5. Yorktown bivalves

    @sixgill pete VIRGINIA DIVISION OF MINERAL RESOURCESPUBLICATION 127PLIOCENE MOLLUSCS FROM THE YORKTOWNAND CHOWAN RIVER FORMATIONS IN VIRGINIALyle D. Campbell VIRGINIA DIVISION OF MINERAL RESOURCES PUBLICATION 127 PLIOCENE MOLLUSCS FROM THE YORKTOWN AND CHOWAN RIVER FORMATIONS IN VIRGINIA Lyle D. Campbell size: 63 MB Interestingly enough,extant D. can be found in the estuary of the Parnaiba River edit: Could be me,but the plates are awful edit two: which limits its use Taxonomical information / verbal descriptions/locaility details etc might be useful NOTE age of the paper
  6. lucinids

    DIJK John.D.Taylor and Emily A.Glover Hanging on-lucinid bivalve survivors from the Paleocene and Eocene in the Western Indian Ocean(Bivalvia:Lucinidae) Zoosystema,2018/v.40-7 about 6.2 MB RECOMMENDED! New genus: Retrolucina(previously Eomiltha) http://zoobank.org/urn:lsid:zoobank.org:act:DAFC3EBA-0C19-4D63-8248-65A6F761670A
  7. Florida Fossil Bivalve Seashell, Need ID

    Hi everyone, I found this fossilized seashell in Tarpon, Florida on a fossilized shell trail. Original formation unknown. It looks almost complete and has great ornamentation and detail. It has 2 boreholes that penetrated just the surface of the shell. It is approximately 1 3/4" x 1 3/4". Can you ID it? Many thanks in advance.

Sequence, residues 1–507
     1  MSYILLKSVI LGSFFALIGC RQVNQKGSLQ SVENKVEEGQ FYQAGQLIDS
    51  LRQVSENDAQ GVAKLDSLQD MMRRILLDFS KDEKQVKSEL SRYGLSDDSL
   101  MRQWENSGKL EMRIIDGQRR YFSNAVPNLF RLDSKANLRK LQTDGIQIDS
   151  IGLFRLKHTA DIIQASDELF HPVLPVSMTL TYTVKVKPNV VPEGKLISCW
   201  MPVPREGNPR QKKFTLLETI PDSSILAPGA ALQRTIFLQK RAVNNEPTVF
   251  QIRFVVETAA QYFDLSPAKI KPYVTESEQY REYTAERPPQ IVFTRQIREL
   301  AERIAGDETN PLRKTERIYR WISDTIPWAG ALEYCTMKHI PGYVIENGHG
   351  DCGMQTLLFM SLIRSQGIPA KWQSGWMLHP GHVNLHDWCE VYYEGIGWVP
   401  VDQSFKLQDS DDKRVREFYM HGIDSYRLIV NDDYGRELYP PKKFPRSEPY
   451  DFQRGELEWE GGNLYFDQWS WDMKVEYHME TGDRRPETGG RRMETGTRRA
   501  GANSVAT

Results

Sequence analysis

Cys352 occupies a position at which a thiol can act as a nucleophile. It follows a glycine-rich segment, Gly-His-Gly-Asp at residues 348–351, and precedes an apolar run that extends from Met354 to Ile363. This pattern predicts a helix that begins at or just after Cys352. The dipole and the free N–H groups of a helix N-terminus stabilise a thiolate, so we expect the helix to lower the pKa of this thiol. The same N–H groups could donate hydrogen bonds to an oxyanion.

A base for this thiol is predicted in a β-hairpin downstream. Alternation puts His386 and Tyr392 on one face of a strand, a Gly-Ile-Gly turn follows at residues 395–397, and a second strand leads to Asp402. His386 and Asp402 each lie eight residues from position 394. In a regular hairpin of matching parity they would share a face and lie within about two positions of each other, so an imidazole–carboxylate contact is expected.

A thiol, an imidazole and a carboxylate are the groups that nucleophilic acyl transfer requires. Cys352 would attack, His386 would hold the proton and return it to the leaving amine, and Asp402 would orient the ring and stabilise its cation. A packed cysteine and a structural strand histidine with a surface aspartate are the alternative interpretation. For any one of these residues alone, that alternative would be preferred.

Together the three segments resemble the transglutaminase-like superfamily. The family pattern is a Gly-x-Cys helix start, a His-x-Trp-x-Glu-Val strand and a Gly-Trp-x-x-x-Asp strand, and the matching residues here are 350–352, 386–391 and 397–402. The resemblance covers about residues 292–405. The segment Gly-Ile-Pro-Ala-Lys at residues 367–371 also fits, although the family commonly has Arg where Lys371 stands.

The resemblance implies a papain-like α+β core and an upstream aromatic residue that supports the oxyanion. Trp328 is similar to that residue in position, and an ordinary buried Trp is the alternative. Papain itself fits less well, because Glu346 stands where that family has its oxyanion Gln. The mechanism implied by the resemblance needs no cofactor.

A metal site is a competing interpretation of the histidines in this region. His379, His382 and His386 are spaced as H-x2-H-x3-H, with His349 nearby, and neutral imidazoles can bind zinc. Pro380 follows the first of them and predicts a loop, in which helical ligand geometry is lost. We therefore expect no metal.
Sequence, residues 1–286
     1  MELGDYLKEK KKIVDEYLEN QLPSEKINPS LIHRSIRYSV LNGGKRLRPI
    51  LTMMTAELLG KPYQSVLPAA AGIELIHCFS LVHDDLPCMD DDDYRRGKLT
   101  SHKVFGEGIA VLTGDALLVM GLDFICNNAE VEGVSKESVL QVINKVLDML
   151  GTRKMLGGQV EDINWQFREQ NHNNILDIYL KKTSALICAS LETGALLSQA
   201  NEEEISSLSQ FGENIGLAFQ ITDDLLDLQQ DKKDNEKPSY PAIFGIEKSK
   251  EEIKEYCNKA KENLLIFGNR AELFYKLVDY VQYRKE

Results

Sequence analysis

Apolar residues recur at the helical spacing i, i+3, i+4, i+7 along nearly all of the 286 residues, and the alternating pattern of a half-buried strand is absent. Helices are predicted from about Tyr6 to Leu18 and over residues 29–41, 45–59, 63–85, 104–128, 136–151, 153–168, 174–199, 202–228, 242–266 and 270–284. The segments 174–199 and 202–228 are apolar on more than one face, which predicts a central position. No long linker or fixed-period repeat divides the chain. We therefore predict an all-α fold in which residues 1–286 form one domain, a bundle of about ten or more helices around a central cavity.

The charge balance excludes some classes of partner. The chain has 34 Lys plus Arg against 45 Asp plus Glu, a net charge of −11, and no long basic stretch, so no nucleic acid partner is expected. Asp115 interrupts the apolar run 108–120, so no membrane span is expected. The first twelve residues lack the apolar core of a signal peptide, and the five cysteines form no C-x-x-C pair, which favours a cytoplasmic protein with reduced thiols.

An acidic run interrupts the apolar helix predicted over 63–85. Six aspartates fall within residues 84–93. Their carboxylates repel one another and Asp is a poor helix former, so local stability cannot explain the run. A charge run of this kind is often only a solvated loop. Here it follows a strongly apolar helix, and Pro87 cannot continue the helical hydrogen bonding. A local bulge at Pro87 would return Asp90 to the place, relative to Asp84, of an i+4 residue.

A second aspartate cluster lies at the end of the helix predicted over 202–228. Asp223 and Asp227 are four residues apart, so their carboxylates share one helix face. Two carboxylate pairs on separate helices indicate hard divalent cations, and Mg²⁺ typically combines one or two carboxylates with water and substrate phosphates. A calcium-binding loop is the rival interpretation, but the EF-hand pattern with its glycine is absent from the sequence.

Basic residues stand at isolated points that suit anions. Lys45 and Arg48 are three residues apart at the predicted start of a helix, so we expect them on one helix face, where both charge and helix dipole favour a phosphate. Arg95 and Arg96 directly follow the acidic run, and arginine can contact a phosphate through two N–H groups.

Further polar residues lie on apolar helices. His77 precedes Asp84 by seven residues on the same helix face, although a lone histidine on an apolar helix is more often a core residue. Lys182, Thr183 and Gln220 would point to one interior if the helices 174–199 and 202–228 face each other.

8. Identity of Fossils ?

    So i got this calcareous limestone and it include type of gastropod and bivalve fossils and other types which i couldn't identify. Specimen from a reefal complex. What you guys think about flower like texture ?
  9. Ecphora Study

    Ecphora Study
  10. Beaver, AR

    Found this bivalve near the bank of Tablerock Lake in Beaver Arkansas. Looking for help to ID. Modern or old?
  11. Pandora crassidens

    Complete double valves are rare at this site. Pieces of this shell are not uncommon. Found at the base of Zone 2, Rushmere Member of the Yorktown Formation on the Tar River. The two photos of the hinge detail were included to show that detail. They are not from the same specimen. PLIOCENE MOLLUSCS FROM THE YORKTOWN AND CHOWAN RIVER FORMATIONS IN VIRGINIA Lyle D. Campbell 1993
  12. Pliocene Yorktown Formation Bivalve

    I need some help. This bivalve came from a river here in eastern North Carolina. Pliocene Yorktown Formation, zone 2 Rushmere member. I believe it is in the Family Pteriidae (pearl oysters) Genus Crenatula. However I cannot find anything in any literature I have or can come up with. Complete specimens are extremely rare at this site, though pieces are not uncommon. Any thoughts? @MikeR @SailingAlongToo Complete specimen top ... bottom .. another one I found complete, but broke after it got home. So I opened it to picture the hinge details .... top ... bottom ...
  13. Dectylioceras Toxophorum with Bivalve

    From the album Bobby’s ammonites

    Dectylioceras Toxophorum with Bivalve Isle of Skye uk
  14. Pinna.jpg